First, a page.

what renewed oppression in culture after WW2
Zhdanovschina campaign expelled all western influences so all freedom disappeared again
what did Khrushchev allow?
previously banned work could be published such as Isaac babel who was shot during the purges
jazz made a reappearance which Khrushchev hated
what was nonconformity like under Khrushchev?
writings about bleak rural life, criticisms of the soviet state and society were made. which Khrushchev came increasingly less tolerant of in his last months of power
issues with youth culture under khrushchev
late 1950s youth culture adopted music taste and styles from the west. in 1955 western music was broadcasted into the ussr. audiences at concerts were small but music was distributed with tape recorders which made it hard to control
examples of Khrushchev personally attacking culture
he hated abstract art and criticised one at exhibition but no action was taken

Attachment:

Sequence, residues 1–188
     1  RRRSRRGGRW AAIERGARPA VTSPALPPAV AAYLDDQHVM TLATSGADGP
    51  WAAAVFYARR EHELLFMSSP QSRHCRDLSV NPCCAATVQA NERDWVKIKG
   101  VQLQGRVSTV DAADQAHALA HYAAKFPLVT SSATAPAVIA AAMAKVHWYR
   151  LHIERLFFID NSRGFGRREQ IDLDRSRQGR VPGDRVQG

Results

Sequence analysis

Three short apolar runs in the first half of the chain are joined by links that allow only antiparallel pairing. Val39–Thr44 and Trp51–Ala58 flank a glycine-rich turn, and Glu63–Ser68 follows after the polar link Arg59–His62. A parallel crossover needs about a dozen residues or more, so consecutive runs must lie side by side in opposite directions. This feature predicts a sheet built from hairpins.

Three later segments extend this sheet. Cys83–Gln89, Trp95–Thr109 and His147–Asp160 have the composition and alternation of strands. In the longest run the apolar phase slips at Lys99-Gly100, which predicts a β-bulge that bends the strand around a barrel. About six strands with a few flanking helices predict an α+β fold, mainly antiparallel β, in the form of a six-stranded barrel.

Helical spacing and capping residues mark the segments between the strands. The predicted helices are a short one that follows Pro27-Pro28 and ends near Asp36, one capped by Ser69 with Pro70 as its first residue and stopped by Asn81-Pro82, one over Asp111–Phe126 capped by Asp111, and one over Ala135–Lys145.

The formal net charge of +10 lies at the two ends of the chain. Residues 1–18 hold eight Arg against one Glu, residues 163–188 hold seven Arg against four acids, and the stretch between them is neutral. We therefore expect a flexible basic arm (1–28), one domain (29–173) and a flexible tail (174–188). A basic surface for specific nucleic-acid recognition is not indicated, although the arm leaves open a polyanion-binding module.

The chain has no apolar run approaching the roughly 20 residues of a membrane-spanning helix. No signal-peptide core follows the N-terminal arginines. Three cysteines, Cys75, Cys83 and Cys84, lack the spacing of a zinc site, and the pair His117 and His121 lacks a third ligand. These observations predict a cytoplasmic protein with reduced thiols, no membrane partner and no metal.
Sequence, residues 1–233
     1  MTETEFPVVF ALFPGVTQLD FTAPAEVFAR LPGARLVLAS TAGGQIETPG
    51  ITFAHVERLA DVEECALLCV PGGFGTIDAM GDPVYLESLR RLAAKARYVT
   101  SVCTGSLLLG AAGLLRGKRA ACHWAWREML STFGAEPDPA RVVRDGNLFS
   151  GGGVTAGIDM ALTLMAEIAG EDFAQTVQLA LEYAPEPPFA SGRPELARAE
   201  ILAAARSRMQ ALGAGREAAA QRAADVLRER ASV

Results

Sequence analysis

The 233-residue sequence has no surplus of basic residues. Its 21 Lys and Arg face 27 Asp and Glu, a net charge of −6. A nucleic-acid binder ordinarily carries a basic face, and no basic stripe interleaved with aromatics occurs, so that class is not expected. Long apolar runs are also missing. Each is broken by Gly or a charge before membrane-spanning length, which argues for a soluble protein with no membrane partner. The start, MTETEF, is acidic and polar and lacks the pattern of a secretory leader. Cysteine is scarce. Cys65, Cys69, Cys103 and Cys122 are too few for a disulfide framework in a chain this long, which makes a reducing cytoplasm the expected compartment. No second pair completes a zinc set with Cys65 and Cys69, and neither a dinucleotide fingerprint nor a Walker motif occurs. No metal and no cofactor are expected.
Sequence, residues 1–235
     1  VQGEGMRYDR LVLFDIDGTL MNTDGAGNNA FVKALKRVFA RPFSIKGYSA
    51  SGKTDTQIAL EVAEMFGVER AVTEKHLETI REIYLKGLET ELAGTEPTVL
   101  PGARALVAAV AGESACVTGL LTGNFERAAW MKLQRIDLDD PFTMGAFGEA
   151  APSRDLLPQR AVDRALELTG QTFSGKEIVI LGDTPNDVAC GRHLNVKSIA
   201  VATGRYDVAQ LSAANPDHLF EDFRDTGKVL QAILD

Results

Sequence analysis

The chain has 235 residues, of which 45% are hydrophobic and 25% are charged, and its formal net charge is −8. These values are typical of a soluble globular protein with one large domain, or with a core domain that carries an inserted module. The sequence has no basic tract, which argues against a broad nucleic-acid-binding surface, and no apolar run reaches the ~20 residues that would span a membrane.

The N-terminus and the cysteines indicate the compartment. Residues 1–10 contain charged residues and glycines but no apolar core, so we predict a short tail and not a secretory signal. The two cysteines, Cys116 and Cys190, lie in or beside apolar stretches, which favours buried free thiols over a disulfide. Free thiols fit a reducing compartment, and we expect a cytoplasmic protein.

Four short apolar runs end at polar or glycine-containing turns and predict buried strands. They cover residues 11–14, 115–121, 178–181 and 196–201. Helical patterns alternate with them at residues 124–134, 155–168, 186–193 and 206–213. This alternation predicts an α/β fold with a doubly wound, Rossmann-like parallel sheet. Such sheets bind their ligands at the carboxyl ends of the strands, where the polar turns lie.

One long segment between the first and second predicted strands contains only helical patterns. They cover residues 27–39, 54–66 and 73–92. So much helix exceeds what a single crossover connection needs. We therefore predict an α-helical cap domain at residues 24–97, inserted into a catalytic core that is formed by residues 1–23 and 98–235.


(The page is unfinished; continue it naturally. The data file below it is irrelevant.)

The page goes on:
without reading a book he banned it, however it was smuggled into Italy and published and won a literature award which was embarrassing for khrushchev
how did Brezhnev change limits on what artists were allowed to do
increased limits on what was acceptable, many artists preferred the explicit boundaries but continued to push them
what did official culture focus on under brezhnev
focused on propaganda and achievements of socialist. encouraged Russian nationalism. majority of population preferred this even if it was undemanding for artists
In the 1970s how did culture chane
culture became more conservative and artists could get in more trouble for sexual themes over political themes
how did Brezhnev try to limit spread of western influence in popular youth culture
exercised control over radio and record companies. this was undermined with development of cassette recorders which were widely available by the early 1980s
Trial of Joeph Brodsky
1964. poems were read to secret gatherings. sentenced 5 years hard labour in prison for 'parasitism' ad not producing anything of material value for the soviet state. showed despite khrushchevs cultural thaw, Brezhnev had limits
trials of Andrei Sinyavsky and Yuki Daniel
1966. arrested and accused of non-Soviet propaganda for short novels depicting harsh reality of soviet life under pseudonyms. resulted in demonstration of 200 + students. sinyavsky for 7 years, daniels for 5
what happened to an art gallery director displaying dissident art?
he got 8 years in prison